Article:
"The writer has had occasion heretofore to criticise the character and manner of inducing men to commit crime as is evidenced by this record. This witness testifies, and is not uncontroverted or contradicted, that the sheriff agreed to give him $10 for each case he would 'turn in' and additional money or compensation if a conviction should occur. The officers are not justified in inducing men to commit crime or in employing others to induce them to commit crime in order that prosecutions may be instituted. It is his duty as an officer, where he understands that parties are engaged in crime, to use every effort legitimate and permissible by law to detect and ferret out crimes and bring criminals to trial and justice. But this does not justify him in employing parties to go out and induce the citizens to commit crime that prosecutions may be instituted and carried on. We here call the attention of the Legislature to such matters and would suggest that appropriate legislation be enacted to prevent matters of this sort occurring. This matter was thoroughly gone over by Judge Hurt in Dever v. State, 37 Tex.Crim. 396, 30 S.W. 1071. See, also, the case of Bush v. State, [68 Tex.Crim. R.] 151 S.W. 554, decided at the present term of this court."
Without regard to whether this Court, in deciding Davis v. State, supra, held the view that the defense of entrapment was not available in this State under any set of facts, later opinions of this Court where the defense of entrapment was relied upon, viewed in the light of the record showing the issues raised, indicate that had the facts supported the plea or claim, entrapment would have been held to be a defense.
In Cliff v. State, 144 Tex.Crim. R., 162 S.W.2d 712, 713, the State's case of procuring was made by the officer claimed to have been guilty of entrapment. His testimony was fully corroborated by the testimony of the prostitute.
The record shows that Cliff requested the following special charge: 'Gentlemen of the jury, you are instructed further, that if you believe from the evidence that the idea to have the defendant procure and obtain said female or some other, first originated with said prosecuting officer, R.P. Riley, and he personally suggested and solicited the defendant to obtain the said female alleged herein, or some other female, for unlawful sexual intercourse, or if you have any reasonable doubt thereof, you will acquit the defendant and say by your verdict not guilty.'
Judge Hawkins disposed of the exception to the refusal of this charge, saying 'We think the issue of entrapment was not raised by the evidence."
The fact that the exception to the failure to give the charge was disposed of on the ground that the issue of entrapment was not raised by the evidence presupposes that had the evidence raised the issue, a charge upon entrapment as a defense would have been proper.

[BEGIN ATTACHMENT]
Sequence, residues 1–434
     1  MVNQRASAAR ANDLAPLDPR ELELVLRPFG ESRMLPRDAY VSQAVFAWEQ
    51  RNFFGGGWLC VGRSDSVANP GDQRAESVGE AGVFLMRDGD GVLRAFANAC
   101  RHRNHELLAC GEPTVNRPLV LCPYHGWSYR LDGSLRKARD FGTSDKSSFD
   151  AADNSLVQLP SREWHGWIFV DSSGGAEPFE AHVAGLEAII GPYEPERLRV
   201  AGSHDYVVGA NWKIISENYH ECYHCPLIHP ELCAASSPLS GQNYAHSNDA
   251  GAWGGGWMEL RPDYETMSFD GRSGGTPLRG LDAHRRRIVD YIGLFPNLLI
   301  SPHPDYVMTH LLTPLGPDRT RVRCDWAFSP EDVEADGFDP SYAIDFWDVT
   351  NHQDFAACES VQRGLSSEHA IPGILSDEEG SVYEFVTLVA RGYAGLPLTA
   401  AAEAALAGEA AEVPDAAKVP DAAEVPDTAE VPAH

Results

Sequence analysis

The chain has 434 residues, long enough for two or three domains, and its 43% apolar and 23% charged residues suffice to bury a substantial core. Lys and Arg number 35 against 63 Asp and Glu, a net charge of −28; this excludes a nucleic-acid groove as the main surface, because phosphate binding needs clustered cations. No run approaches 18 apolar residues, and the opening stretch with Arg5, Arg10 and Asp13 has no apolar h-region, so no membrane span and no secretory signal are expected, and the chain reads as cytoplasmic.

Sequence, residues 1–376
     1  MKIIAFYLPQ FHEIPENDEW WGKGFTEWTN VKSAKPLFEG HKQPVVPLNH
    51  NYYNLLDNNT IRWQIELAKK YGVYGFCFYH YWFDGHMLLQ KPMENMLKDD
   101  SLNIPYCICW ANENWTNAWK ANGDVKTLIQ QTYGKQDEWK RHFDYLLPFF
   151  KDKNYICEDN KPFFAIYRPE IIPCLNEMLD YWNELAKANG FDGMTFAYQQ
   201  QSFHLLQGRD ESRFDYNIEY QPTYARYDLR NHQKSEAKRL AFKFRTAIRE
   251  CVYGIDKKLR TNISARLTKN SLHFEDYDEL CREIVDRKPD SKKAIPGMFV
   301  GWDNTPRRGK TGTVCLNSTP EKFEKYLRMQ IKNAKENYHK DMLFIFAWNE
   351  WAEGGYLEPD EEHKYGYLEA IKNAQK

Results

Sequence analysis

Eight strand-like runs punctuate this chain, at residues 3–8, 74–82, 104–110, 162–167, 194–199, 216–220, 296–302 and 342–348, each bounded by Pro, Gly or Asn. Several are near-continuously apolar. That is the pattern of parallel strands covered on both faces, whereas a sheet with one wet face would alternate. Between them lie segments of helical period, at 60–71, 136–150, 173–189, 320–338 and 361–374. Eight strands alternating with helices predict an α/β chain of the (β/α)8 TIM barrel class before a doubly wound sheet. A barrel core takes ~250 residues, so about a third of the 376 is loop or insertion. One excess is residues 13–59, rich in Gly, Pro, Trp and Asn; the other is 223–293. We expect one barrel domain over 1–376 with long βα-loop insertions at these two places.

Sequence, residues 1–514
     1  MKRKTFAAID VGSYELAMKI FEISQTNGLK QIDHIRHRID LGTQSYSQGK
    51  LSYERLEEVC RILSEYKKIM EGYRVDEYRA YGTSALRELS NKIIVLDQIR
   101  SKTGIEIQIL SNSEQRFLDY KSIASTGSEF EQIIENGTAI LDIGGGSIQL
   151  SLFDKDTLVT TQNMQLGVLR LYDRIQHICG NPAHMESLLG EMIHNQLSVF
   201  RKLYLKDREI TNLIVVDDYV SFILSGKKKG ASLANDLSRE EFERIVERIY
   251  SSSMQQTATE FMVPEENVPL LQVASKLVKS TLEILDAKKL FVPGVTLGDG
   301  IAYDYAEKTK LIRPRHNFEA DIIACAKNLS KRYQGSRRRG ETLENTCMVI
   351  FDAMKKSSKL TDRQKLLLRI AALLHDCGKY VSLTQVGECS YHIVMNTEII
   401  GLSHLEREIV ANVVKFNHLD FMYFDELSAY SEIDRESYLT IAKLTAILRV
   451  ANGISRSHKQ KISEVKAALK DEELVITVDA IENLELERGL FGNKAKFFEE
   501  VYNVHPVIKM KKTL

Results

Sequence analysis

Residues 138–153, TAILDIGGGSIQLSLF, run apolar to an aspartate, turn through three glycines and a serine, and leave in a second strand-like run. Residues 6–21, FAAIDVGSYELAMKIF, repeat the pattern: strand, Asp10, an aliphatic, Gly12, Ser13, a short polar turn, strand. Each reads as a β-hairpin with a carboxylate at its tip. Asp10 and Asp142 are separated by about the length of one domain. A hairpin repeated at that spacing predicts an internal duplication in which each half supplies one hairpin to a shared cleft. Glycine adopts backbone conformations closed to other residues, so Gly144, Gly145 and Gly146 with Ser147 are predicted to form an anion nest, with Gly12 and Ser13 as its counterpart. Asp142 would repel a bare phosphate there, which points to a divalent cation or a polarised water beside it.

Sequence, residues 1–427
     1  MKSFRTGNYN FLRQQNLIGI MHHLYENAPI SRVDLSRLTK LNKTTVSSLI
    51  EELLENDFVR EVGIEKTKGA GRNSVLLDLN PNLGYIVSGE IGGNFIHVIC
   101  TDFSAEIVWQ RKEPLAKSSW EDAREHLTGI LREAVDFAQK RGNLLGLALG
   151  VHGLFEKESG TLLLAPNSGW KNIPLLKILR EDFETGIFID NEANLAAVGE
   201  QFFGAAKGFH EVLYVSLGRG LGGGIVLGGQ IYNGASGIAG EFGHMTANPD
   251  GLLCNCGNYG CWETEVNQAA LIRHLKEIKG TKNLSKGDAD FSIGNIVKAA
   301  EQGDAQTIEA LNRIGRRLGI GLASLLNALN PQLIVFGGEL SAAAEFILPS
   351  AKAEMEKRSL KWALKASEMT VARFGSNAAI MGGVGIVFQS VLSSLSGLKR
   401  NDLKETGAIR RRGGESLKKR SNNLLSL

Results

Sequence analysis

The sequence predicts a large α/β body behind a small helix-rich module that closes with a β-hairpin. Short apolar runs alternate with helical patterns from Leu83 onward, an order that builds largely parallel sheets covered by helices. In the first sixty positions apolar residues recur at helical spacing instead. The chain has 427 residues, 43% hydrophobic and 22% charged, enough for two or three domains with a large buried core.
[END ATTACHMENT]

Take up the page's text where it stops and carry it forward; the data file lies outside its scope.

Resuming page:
The Cliff case is of special significance because it dealt with the offense of procuring, the distinction between it and the case before us being that here the issue was raised by the evidence, whereas in the Cliff case the court properly held that it was not.
Peery v. State, 138 Tex.Crim. R., 134 S.W.2d 283, 284, cited in our original opinion, was a case charging the unlawful practice of medicine. The issue of entrapment as a defense was raised in the following manner.
A motion to quash and suppress the evidence was filed, alleging that certain officers did, with criminal intent, entice and entrap the defendant Peery into the commission of an offense that would otherwise not have been consummated.
Peery, in addition to moving for an instructed verdict, requested the following special charge, and reserved an exception to its refusal:
"Gentlemen of the jury, the prevention of crime is one of the main purposes of our laws, not its encouragement or propagation. If you find that the Defendant was induced and lured into the commission of the offense as charged, if he did, by an officer or officers of the law, or their agents, or that said officer or officers, or their agents, employed parties to go out and induce the Defendant to commit the offense as alleged, if he did, I instruct you that a conviction cannot stand, and the Defendant must be set free. * * *"
The State's Brief, signed by Judge Davidson of this Court, then State's Attorney, contains the statement 'under the doctrine of entrapment in this state, the entrappers are accomplices only,' and reasoned that since appellant made no request for an instruction on accomplice testimony the question of entrapment was not before the court. It is apparent from his dissenting opinion herein that Judge Davidson adheres to the views expressed in said brief.
Upon original submission of the appeal in Peery v. State it was held that the officers were not shown to be accomplices save one, and that conceding that this one was an accomplice, his testimony was fully corroborated.